The state of state media: what lies ahead in 2017

by Teo Pellizzeri 0

Image: David Mullins

FFV Media Manager Teo Pellizzeri is our guest columnist with a final thought on the state of football media as we head into 2017.

With two causalities it’s been a brutal December for football media in Australia. The indefinite cessation of deep dive masters and analysis gurus Leopold Method was followed by similar action from former trendsetter and envy of all other states, MFootball.

It begs the question, what is the New Year’s resolution for state level football media? Not just the outlets, but the contributors. Be they students looking for a start or already on their way as “aspiring football media” types, or skilled enthusiasts wanting to grow the game.

Where MFootball couldn’t find a new generation of students to keep operating their news service as volunteers, the same talent pool can now find satisfaction and success dedicating their time to sites and social pages that cover A-League and world football with banter, memes, listicles and other modern, on-trend content that gets noticeable social engagement.

Here lies the challenge for state level football. To accentuate the exclusivity, the authenticity and the credibility of covering the football within.

Cover how though? That is the burning question for 2017. Using three years of data, weighted against anecdotal feedback and industry trends, FFV recently distributed its 2017 Media Strategy to the 350-odd clubs that are under the Federation’s banner. Premier competitions (NPL, NPLW, FFA Cup, Team App Cup) are only one dot point among 11 key responsibilities to cater for the entire state. NPL match reports went at the end of 2015, NPL round wraps go at the end of 2016 after both attracted a following well below the threshold to be called a niche. The FFV  Podcast that primarily covered premier competitions came and went to an unsustainably low following, albeit to anecdotal critical success, in between.

The opportunities for aspiring football media are evolving. And while it’s not the name recognition of writing about Tevez’s contract with Shanghai Shenhua or Berisha breaking A-League scoring records, the profile of state level football is on the rise.

The mainstream media’s relationship with state level football is increasingly healthy thanks to the FFA Cup bringing the likes of Fox Sports and the daily newspapers not only to the cup, but to the NPL when the big occasions come around. Keep on this trajectory, keep growing the big event culture of the blockbuster NPL and FFA Cup games, and in time commercial television and radio will also join in.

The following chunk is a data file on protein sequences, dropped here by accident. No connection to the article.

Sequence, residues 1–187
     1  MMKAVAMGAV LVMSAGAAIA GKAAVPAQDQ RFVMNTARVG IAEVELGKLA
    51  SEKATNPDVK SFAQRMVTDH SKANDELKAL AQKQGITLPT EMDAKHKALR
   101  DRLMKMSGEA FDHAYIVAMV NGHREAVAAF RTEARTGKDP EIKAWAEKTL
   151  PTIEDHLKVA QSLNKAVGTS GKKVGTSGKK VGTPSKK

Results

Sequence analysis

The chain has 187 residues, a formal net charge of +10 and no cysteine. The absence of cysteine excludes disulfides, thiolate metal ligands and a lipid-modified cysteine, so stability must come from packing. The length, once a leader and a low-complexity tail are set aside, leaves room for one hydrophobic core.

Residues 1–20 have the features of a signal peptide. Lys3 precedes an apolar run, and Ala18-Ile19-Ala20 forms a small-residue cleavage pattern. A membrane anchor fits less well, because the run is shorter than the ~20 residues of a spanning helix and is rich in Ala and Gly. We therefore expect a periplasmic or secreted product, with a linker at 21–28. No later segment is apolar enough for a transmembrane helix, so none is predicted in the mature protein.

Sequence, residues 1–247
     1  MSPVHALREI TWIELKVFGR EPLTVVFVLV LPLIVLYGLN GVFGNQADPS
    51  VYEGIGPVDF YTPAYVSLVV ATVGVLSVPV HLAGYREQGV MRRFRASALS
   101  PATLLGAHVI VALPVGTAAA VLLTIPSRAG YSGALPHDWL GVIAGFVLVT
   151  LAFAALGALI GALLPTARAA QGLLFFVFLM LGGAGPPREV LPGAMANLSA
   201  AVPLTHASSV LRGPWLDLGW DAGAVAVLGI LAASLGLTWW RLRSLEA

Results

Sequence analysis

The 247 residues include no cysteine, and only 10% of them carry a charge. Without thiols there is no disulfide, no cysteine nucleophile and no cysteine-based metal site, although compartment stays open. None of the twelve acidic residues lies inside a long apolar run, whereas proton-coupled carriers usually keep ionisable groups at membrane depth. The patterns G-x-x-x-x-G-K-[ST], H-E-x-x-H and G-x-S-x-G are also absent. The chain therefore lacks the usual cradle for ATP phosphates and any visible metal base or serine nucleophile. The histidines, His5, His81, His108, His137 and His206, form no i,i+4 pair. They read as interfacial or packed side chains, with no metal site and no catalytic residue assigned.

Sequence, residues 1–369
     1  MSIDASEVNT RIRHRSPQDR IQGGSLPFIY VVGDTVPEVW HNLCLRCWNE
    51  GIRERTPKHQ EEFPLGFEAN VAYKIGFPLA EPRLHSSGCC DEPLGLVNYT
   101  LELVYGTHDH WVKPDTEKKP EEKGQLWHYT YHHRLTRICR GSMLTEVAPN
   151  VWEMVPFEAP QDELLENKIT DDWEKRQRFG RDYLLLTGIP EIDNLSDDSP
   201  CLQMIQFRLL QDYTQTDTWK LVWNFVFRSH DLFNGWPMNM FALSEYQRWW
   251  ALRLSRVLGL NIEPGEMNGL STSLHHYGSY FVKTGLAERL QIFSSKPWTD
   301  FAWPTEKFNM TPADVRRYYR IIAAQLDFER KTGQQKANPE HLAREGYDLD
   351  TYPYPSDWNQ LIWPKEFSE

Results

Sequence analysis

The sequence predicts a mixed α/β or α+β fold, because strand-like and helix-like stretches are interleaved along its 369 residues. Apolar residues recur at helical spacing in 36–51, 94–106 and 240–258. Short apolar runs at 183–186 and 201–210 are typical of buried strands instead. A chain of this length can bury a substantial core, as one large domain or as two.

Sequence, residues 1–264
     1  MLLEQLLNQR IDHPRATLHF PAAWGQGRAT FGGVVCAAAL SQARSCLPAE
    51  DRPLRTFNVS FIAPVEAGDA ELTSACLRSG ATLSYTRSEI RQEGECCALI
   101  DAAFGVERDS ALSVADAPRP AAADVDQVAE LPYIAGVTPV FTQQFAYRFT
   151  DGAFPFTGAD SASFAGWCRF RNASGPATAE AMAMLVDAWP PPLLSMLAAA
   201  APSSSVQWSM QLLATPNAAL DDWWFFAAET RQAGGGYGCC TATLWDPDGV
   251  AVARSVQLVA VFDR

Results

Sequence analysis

Those are the big hits, “make bigger better” as the strategy says to get state level football in front of as many eyes as possible.

Outside those blockbuster occasions, the state season is thousands of matches between mid January and early October.

But the evolution of state level media now faces a crossroads, with independent media struggling to sustain, and clubs now the primary breakers of news. I have spoken at length with the editors of this site, The Corner Flag about what they want the site to look like in 2017 and what purpose it will serve not only Victorian football, but the people who work to create the site’s content.

With clubs now driving the news cycle for state level football, there has never been a better time to work within the club environment to build a media folio. For clubs, investing in their media team, particularly video, is the chance to show people a compelling, entertaining and skilled competition, and an experience that is worth the gate entry. It’s also the chance to go viral, as happened for a number of goals in 2016, including Rinor Muriqi’s NPL goal of the year.

For the aspiring journalist, it’s a great environment to build a profile and folio of quality work, with the added bonus of exclusivity and authenticity. To hone skills interviewing coaches and players, to do pieces to camera, to report, to commentate. For those not so comfortable in front of a camera, the opportunity to film, to edit and to create history in real time. And like almost everyone who has covered state level football, you will find players, people and clubs who deserve to have their story told to a greater audience.

There are success stories from recent seasons all around the NPL in club media teams. There are far more clubs who would love to replicate those success stories by bringing in the right people.

The NPL is a competition with a hotly contested championship, promotion race, and the real consequences of relegation. The quality of football, just see last year’s top 10 NPL goals, is regularly of a level matching that of the A-League. The women’s NPLW competition has never had a more relevant season to the big picture of women’s football in Australia. Not just because returning W-League players and aspirants will be at every club, but because at least a dozen national team hopefuls will be trying to play their way into the Junior Matildas or Young Matildas for youth Women’s World Cup qualifiers to be held in late 2017.

State level football is entering a period of great relevance to the national stage, aided no doubt by the aspirations of Victoria’s top clubs either to go do direct to the A-League, or create a national second division and open pro-rel pathway to the top league.

There has never been a better time to get involved. I would hope any aspiring media wanting to work in football or sports will keep Victoria’s state level in mind when they put together their to-do list for where to seek work experience in the New Year.